Disciplemakers: Nothing New (Not Really New).

The first thing for anyone interested in becoming a disciple of Jesus Christ is to understand that Jesus does not require anything that you don’t already have.  He does not insist that you be smart enough to read the Word for yourself.  He wrote nothing.  He does not require you to connect the dots with everything you hear and see, only to pay attention and give room for the Holy Spirit in your heart to make sense of it.  He does not want to see your “good works” first or force you to get cleaned up first.  You may be the worst scum-bucket the world has ever seen; a moron in spades, and all Jesus will say is “Okay, let’s begin.”

There is nothing needed to start.  There is nothing lacking in your package as God made you. 

To put it another way, you can already do justice, love mercy and walk humbly before your God.  You have already tasted the fruit God wants you to grow: love, joy, peace, patience, goodness, gentle-kindness, faithfulness, humility and self-control.  You might not be very strong in these things or very good at them, but you are not a stranger to them.  You have the tools.

You see, you and I were made in the image of the creator, and though that image of God has become corrupted, that truth has not ceased to be true.  And here is ONE key to discipleship: that in this way, God intends to restructure us from the inside-out, to reorder our priorities, to make us more like him.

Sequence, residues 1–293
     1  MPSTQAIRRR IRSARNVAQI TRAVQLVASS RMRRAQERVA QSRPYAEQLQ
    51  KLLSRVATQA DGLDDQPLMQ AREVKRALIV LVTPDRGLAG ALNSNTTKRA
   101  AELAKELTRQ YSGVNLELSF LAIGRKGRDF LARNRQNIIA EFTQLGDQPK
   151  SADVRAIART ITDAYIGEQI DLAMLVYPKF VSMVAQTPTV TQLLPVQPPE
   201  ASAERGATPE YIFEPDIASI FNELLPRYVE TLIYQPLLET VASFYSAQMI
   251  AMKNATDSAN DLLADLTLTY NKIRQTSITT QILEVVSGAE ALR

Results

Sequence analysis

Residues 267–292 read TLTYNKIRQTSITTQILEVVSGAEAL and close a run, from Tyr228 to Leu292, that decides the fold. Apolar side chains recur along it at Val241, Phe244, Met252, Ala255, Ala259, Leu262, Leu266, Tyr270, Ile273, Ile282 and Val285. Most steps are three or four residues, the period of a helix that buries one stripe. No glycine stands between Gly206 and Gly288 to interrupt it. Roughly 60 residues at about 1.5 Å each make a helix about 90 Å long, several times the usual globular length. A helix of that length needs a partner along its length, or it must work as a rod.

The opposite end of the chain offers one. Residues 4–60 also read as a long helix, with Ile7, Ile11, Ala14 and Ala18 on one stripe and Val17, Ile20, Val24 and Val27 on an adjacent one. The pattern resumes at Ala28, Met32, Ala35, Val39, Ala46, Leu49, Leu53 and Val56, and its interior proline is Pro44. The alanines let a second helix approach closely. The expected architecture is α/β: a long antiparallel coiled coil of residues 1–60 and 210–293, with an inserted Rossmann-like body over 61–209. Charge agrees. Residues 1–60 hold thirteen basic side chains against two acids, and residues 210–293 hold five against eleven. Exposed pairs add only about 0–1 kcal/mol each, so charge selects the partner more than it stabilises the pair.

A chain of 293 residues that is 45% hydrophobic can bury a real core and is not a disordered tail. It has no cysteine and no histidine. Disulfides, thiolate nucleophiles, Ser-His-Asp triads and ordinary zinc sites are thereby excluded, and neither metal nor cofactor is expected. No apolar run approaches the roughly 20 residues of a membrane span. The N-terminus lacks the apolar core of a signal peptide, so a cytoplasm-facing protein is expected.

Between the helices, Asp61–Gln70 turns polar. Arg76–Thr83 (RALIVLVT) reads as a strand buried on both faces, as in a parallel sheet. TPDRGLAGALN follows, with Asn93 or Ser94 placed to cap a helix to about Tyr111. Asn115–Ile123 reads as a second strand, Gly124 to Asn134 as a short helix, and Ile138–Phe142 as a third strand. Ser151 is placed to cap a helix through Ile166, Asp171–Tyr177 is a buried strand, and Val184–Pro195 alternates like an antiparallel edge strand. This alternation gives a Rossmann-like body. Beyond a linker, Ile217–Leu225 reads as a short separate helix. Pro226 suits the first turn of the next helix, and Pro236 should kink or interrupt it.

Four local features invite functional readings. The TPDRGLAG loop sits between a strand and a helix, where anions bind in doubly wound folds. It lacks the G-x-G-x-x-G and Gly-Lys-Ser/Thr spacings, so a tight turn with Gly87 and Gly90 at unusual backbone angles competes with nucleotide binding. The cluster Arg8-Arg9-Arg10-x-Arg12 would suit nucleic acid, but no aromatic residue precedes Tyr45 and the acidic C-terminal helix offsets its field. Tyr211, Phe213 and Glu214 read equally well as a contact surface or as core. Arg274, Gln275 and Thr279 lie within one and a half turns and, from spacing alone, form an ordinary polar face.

“I will be satisfied when I awake with your likeness,” Job said.  Paul wrote to the Colossians, “you have taken off your old self with its practices and have put on the new self, which is being renewed in knowledge in the image of its Creator”

This is not a new concept.  Jesus wants us to be more like him.  Discipleship is meant to accomplish this.  You see, once upon a time, before TV and movies and everyone reading books and novels, before sports stars and rock stars and the millions of images and people that kids can emulate these days, children wanted to grow up to be like their parents.  Sons learned from and imitated Dad and daughters imitated Mom and learned from her.  So disciples, like children as Paul often says, are to imitate God.  Follow Jesus around and learn from him.  Be his sheep and let him be your shepherd and transform you into inheritors of the kingdom. 

Of course, we are not going to become like him in power and majesty, but in every way that matters, love, forgiveness, mercy, justice, joy, we are.  Only our alignment with these things is so off kilter and our perception of life, the universe and everything is so distorted by sin, it is going to take some radical work.

This is the renewing of the mind.  It is putting on the nature of Christ.  It is God’s desire and intention to change us from the inside-out, and the result will be like that old English hymn—the one Cornwallis played at Yorktown—The World Turned Upside-Down.

So let your worldview be turned upside-down and your image be changed into the image of Christ.  Renew your mind which in Paul’s day meant thoughts AND feelings.  Yes, despite what many psychologists suggest, feelings are not sacrosanct.  Feelings are decided, like faith, but that will have to wait until the next post.

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